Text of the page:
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by Dan Clost
by Dan Clost


First serious garden earned 25 cents from the Kemptville Horticultural Society when I was 12. Have been poor in horticulture ever since but rich in spirit.

Went to work writing the Good Earth column (over 500 articles published in newspaper, magazine, website and journal.) and learned that what was printed wasn't what I wanted to say and certainly not what Gentle Reader understood me to say. Subsequently have developed a certain clarity and economy of words.

Day job- nursery and production manager for a large nursery/garden centre
Side job- Garden restoration and renovations, design consultations, remedial pruning.
Night job- garden writer and communicator (overnight success in another 20 years)

Dan gardens in Canadian Zone 5b

May 15, 2011

Green leaves, yellow leaves, yellow and green ones, bumpy ones, see through ones, curled up ones, crispy ones, spotty ones, religious…um…holey ones and even no leaves ("How can I bring you a leaf if the tree doesn’t have any left?) have been coming into the nursery these past few days.

Gentle reader, here’s something to keep in mind. If a tree is generally healthy and no major changes have occurred in its environment, it will handily survive a complete defoliation. So those of you with honey locusts, that are currently entertaining the dreaded HONEY LOCUST PLANT BUG Yep, that’s how it’s described to us. And, between you and I, I would rather hear that than, "My Gleditsia triacanthos spp is completely engaged by the Diaphnocoris chlorionis." This emerald green 1/8" long bug, almost the identical colour of emerging foliage, generates once a year and then goes away. The tree will grow new leaves.

Holes, not rips or tears, have two usual causes: a bug has had dinner or a "shot hole" was created by the leaf itself. The current trend is to be supportive of the food chain- bugs eat leaf, birds eat bug, birds sing song, peoples are happy and plant more trees to enjoy birdsong, trees grow leaf…a circle of life in your own backyard. The problem is nimby. Generally it is very rare that such a bug will kill its dinner host.

The shot-hole has a different cause. These holes are generally quite small having regular edges tinged slightly purplish in tone. The usual cause is a virus or rust that had developed on the leaf surface. The plant recognises this unwanted visitor and surrounds it with a bit of dead leaf. It actually kills the encircling tissue which then falls out taking the bad chappy with it. Again, it is unusual for something like this to kill a tree. For the most part, a lime-sulphur, dormant oil spray in the spring will greatly reduce these incidences. Follow up with alternating sprays of powdered milk and baking soda to change pH levels on leaf surfaces and you will think horticulture is grand once more.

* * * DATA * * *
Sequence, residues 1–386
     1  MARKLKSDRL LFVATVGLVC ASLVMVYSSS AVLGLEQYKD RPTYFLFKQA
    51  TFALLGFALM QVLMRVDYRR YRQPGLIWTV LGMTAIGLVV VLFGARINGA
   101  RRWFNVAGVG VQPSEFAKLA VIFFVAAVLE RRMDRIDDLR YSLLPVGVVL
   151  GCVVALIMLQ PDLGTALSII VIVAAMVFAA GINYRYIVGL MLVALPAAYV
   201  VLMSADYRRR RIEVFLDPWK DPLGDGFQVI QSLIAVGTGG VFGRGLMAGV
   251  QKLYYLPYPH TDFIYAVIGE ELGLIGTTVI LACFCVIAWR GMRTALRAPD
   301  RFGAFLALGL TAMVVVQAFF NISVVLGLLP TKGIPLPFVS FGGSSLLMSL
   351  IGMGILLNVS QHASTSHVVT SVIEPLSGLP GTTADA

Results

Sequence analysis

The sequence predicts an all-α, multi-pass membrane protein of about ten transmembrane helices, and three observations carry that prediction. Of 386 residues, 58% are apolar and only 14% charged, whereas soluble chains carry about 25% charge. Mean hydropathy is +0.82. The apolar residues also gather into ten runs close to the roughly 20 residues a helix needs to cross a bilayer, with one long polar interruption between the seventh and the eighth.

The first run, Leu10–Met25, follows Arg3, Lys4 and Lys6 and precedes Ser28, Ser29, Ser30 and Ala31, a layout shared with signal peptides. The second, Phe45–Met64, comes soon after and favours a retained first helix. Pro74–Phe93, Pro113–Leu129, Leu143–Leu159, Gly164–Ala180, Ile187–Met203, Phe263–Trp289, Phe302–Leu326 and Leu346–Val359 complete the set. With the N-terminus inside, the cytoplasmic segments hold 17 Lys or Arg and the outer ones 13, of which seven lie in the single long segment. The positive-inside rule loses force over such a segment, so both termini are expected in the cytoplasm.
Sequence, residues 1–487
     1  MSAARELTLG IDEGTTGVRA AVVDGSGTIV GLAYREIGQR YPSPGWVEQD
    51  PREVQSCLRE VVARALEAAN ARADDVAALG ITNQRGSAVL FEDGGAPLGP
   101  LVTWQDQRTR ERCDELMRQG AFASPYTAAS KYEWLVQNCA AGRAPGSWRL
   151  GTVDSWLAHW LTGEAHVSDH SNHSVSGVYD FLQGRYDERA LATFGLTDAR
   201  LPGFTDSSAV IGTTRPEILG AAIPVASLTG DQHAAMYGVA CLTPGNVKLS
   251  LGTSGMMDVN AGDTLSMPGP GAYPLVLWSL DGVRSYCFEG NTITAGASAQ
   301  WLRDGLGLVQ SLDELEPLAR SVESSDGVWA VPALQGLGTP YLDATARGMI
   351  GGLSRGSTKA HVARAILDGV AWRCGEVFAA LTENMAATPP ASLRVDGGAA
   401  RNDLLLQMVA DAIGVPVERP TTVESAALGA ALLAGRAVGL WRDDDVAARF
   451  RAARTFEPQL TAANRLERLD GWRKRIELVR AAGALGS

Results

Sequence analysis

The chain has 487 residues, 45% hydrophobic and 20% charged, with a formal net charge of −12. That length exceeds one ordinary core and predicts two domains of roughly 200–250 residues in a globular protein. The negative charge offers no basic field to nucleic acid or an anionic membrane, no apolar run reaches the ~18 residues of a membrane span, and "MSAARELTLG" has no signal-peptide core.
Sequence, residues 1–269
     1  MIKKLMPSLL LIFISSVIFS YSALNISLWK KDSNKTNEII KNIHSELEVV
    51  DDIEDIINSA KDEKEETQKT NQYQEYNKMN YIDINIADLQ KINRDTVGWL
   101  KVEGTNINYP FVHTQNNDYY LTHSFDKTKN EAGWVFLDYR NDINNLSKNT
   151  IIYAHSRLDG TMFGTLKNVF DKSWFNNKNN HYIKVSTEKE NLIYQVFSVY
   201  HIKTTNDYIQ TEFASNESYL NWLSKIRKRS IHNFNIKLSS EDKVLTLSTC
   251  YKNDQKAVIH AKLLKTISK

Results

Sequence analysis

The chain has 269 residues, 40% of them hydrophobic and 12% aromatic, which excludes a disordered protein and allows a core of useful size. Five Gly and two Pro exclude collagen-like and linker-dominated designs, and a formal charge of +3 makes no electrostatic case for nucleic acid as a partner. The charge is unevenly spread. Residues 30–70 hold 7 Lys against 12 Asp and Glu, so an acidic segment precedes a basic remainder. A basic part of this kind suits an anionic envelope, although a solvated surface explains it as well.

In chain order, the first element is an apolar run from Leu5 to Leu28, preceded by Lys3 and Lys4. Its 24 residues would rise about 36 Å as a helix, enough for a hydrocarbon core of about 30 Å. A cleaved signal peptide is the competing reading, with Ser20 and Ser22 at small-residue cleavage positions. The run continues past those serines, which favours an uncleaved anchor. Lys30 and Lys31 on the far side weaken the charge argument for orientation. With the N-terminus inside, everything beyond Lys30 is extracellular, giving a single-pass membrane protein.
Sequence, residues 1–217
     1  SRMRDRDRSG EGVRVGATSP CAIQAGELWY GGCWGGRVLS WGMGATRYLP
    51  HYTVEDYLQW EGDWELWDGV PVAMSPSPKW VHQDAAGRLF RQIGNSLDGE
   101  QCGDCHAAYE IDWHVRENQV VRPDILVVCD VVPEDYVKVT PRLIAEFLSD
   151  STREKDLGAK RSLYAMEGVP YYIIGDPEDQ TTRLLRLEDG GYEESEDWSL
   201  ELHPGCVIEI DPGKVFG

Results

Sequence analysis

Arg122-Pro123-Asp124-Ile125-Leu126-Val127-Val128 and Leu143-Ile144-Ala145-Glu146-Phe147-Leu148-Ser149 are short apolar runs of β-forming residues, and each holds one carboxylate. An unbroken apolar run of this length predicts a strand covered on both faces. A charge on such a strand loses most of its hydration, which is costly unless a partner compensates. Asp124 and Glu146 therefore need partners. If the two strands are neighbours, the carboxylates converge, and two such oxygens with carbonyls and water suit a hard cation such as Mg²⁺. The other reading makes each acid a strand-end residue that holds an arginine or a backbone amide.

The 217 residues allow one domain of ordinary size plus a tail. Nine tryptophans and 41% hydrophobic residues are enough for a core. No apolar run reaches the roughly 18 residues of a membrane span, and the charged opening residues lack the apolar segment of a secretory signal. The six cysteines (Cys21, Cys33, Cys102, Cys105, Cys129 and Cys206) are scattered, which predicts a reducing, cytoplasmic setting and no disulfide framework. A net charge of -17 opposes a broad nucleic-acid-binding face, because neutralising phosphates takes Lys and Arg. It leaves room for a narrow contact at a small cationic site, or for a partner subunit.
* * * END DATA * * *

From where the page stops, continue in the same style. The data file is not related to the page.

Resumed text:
Bumpy leaves, especially little red bumps on various maples and larger green ones on oaks, can be viewed as a fascinating glimpse into environmental co-existence On maples, there are several mites- little things that you can barely see- which overwinter under bark scales. They move to the leaf in the spring, munch down and secrete an enzyme which causes the leaf to produce crazy looking coloured tissue.

Within that protective casing, the female feeds and lay eggs. Not a concern unless there is a significant infestation on a younger tree. If that is the case, simply remove the infected leaves. Dormant oil is very effective but be aware that Japanese maples, Acer palmatum and sugar maples, Acer saccharum, have light sensitivity issues.

There are 3 primary mites in our area that like maples. The oak, on the other hand, is host to over 600 types of gall wasps that can create some spectacularly ugly and formidable deformations on the leaf. Again, not a real concern.

Yellow and green leaves can tell us about nutrition. Yellow tissue with dark green veins is a sign of chlorosis (easy definition- not enough green) It can be a result of clay soils where nitrogen is present but unavailable to the plant- not as common as folks would like to believe- but more probably due to the fact that folks aren’t feeding them. You can do a soil test, more complete analysis, or you can try one application of iron chelate- available wherever plants are sold. The tree’s response will tell you which is the probable cause.

Crispy leaves, looking like they have spent some time in a dehydrator are common now. The margins (outside edges) can be brown and dry or the entire leaf can be completely brown and curled up. The first is often seen on maples and oaks, the second very common with Japanese maples. People bringing in the first usually express curiosity and ask if it is something to worry about; those bringing in the second speak in capital letters akin to those with the honey locust plant bug. When drouthy conditions occur during periods of fast leaf growth (like now) coupled with drying winds you can expect leaf scorch to show up.

Young trees or those recently transplanted are more susceptible. Simply, the tree can’t supply enough water. Deep soaking with a trickle hose for several hours is needed. No puddles or run-off on the surface, set the "drip" to match absorption. Do this maybe once a month in our area, or twice if the tree is in a very dry location. Lots of a little bit of water applied daily will possibly cause root rot while doing little to get moisture to the leaves.

Leaves tell you a lot if you take time to listen.

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